Carol Ryrie Brink, 1935
Carol Ryrie Brink, 1935
Caddie Woodlawn is seen by some (according to the quote on the back) as a sort of antidote to Little House on the Prairie. And the contrasts are interesting. I enjoyed the book maybe a bit less than I remember enjoying it as a girl, but it's a sweet story about a pioneer girl, presented as a series of life events. (I was always a huge sucker for a good pioneer girl story.)
Caddie, unlike any of the other girls I've looked at recently, is a confirmed tomboy. It's explained that her father encouraged her to be so to enhance her health. Okay theory to me. So the arc of the book of course includes Caddie deciding that maybe it's time to learn to be feminine. My initial reaction is: well, if you must.
However, there is a memorable chapter in which Caddie begins to learn to quilt, and her brothers decide that if it's good enough for the sister they've played with all their lives, then they're going to learn too. The story of Caddie growing up is in fact nicely balanced with both masculine and feminine pursuits. (I loved the chapter in which her father teaches her to fix clocks.)
This book is also written much more like a story (rather than a history) than Little House, and there's a good reason. Carol Ryrie Brink based her book on the life of her grandmother, as told in stories to her as a child. In the preface to the edition I had, she writes that her grandmother was still alive when the book was being written, that she asked her questions about many things, and quotes her grandmother as finding the book very true to her family. Whether or not every event was based on a true account, it, alone among the girls books so far, was being written as a historical novel by someone who had not lived in that time.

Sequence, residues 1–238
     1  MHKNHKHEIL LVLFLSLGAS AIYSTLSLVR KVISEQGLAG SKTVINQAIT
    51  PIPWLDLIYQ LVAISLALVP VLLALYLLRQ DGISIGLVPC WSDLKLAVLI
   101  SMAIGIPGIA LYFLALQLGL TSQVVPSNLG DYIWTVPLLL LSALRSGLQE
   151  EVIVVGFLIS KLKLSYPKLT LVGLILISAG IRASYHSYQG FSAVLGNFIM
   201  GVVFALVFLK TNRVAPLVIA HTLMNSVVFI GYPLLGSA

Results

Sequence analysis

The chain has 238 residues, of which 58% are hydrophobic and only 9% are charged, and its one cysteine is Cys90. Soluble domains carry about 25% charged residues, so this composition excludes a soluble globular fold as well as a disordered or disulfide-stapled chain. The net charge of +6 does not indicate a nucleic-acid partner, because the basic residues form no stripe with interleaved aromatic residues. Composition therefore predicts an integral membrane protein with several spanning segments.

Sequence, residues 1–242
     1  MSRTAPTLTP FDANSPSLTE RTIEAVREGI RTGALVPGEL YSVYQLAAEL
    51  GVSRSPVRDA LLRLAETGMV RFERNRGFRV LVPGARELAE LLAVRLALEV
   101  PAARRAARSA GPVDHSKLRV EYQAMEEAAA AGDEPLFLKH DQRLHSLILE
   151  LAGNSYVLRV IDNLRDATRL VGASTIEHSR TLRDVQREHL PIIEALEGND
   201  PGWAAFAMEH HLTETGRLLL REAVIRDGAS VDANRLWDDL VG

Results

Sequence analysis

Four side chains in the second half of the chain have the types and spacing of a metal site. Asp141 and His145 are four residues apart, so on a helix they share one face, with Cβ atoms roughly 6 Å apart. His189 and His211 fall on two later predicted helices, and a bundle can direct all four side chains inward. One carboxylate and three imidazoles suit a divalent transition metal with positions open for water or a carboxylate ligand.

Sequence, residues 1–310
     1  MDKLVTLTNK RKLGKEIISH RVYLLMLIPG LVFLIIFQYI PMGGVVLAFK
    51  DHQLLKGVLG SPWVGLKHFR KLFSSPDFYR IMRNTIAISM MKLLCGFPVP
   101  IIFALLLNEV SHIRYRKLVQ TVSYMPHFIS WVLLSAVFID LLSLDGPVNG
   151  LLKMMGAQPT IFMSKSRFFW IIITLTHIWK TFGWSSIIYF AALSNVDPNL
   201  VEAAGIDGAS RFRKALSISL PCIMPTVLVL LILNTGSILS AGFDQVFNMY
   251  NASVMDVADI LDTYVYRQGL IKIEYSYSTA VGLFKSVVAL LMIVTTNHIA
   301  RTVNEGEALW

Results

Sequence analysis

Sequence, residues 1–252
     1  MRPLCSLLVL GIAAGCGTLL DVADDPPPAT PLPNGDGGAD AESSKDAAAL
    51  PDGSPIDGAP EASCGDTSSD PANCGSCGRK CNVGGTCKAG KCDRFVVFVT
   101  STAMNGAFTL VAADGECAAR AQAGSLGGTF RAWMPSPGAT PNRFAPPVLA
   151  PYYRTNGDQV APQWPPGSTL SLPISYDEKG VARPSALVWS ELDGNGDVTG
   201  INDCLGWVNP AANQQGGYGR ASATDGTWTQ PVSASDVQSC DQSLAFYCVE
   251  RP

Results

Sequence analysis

I find the following information fascinating:
Caddie Woodlawn: published 1935 about 1860s Author 40
Little House: published 1932, 1935 about 1868, 1870 Author 65, 68
Little Women: published 1868-9, about 1860s Author 36
Anne of Green Gables: published 1908 about 1900s Author 34
Brink is writing about pioneer life from the perspective of a relatively modern woman. So of course she mostly extols the virtues of Caddie's tomboy ways, and her heroine gets to go on a breakneck horse ride to head off a fight between the local Indians and the townspeople.
Also of note, the death of Abraham Lincoln is touched on as an important time for the family. Louisa May Alcott, who was writing directly after the Civil War, (in which she served as a nurse,) doesn't even mention directly what side of the war the father in Little Women is fighting on. She was living it, Brink has the luxury of looking back though history.
Now, it's not entirely progressive writing. There's some unfortunate dialogue due to the fact that the Indians and the settlers don't really share a language. But, even though she was writing at the same time as Laura Ingalls Wilder, about the same period, the tone of the books is very different. Caddie Woodlawn is probably better written from the point of view of novel construction. However, the main differences are those between an older woman looking back, reconstructing (and partially fictionalizing) her own childhood, and a younger woman looking back on a time she never really knew. This makes Caddie Woodlawn a rousing read, but Little House feels more real.
2 Stars - An Okay Book